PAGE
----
While destructive instincts and aggressive impulses are part of both animal and human life, war and warfare are particularly social processes. War is not just about a capacity to kill, but a propensity to take up arms, tilting us toward collective violence. People fight and kill for personal reasons, but homicide is not war. War is a social phenomenon involving groups organizing to kill people from other groups.


According to the multi-year research of anthropologists, as reported by anthropologist R. Bryan Ferguson in the article War is no part of human nature, “the preconditions that make war more likely include a shift to a more sedentary existence, a growing regional population, a concentration of valuable resources such as livestock, increasing social complexity and hierarchy, trade in high-value goods, and the establishment of group boundaries and collective identities”. These conditions, claims Ferguson, are sometimes combined with severe environmental changes. He also notes that, once established, war has a tendency to spread, with violent peoples replacing less violent ones.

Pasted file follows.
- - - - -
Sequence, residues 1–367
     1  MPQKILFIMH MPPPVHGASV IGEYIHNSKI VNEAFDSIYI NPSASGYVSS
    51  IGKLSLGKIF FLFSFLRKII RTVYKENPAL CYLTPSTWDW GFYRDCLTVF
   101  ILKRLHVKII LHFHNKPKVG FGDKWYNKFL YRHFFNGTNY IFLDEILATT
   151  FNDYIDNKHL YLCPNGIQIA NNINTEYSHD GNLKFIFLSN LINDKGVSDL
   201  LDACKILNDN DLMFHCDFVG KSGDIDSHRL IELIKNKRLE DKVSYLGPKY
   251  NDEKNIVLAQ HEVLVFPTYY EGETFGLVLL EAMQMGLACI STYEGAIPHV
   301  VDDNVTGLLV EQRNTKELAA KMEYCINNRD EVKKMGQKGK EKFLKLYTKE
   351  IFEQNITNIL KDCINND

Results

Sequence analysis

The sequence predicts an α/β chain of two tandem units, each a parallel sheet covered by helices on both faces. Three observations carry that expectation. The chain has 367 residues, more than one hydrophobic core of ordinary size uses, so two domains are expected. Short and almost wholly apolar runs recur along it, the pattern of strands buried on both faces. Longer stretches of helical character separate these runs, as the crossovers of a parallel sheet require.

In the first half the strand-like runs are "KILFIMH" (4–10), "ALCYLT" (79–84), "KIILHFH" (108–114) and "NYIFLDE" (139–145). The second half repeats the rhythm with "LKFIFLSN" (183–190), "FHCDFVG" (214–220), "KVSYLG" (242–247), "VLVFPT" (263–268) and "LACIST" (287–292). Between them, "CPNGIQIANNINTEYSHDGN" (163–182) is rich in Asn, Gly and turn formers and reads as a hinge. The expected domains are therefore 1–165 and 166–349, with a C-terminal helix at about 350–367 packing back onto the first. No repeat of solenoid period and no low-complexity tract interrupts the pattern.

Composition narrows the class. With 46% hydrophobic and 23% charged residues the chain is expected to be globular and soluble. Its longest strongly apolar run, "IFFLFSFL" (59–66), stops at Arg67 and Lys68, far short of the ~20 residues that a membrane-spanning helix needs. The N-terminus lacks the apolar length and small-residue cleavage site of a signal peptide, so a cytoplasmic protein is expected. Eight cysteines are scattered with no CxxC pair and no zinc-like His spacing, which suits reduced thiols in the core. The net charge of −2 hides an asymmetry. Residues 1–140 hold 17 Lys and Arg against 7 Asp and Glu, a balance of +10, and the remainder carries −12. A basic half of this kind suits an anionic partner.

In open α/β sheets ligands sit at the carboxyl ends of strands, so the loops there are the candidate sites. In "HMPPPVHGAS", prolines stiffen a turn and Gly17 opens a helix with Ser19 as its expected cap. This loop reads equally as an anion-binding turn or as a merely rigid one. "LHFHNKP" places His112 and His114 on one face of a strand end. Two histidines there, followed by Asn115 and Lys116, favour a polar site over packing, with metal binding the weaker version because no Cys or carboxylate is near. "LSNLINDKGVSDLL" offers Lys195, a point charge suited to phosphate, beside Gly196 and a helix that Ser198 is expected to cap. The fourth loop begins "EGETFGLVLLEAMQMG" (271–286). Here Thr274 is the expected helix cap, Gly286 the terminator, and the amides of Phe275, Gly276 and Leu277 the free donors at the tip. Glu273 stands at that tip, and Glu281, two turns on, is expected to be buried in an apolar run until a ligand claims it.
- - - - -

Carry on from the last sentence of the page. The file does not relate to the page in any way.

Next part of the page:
Delving deeper into the question of the human propensity to war often involves looking beyond our species to examine the experiences of our chimpanzee relatives. Following extensive research, Ferguson concluded that chimps, as a species, are not ‘killer apes’: “War is fostered by culturally specific systems of knowledge and values that generate powerful meanings of ‘us versus them.’” These social constructs, he claims, have no primate analogies. Moreover, from comparative case studies, he concluded that ‘war’ among chimpanzees is not an evolved evolutionary strategy but an induced response to human disturbance.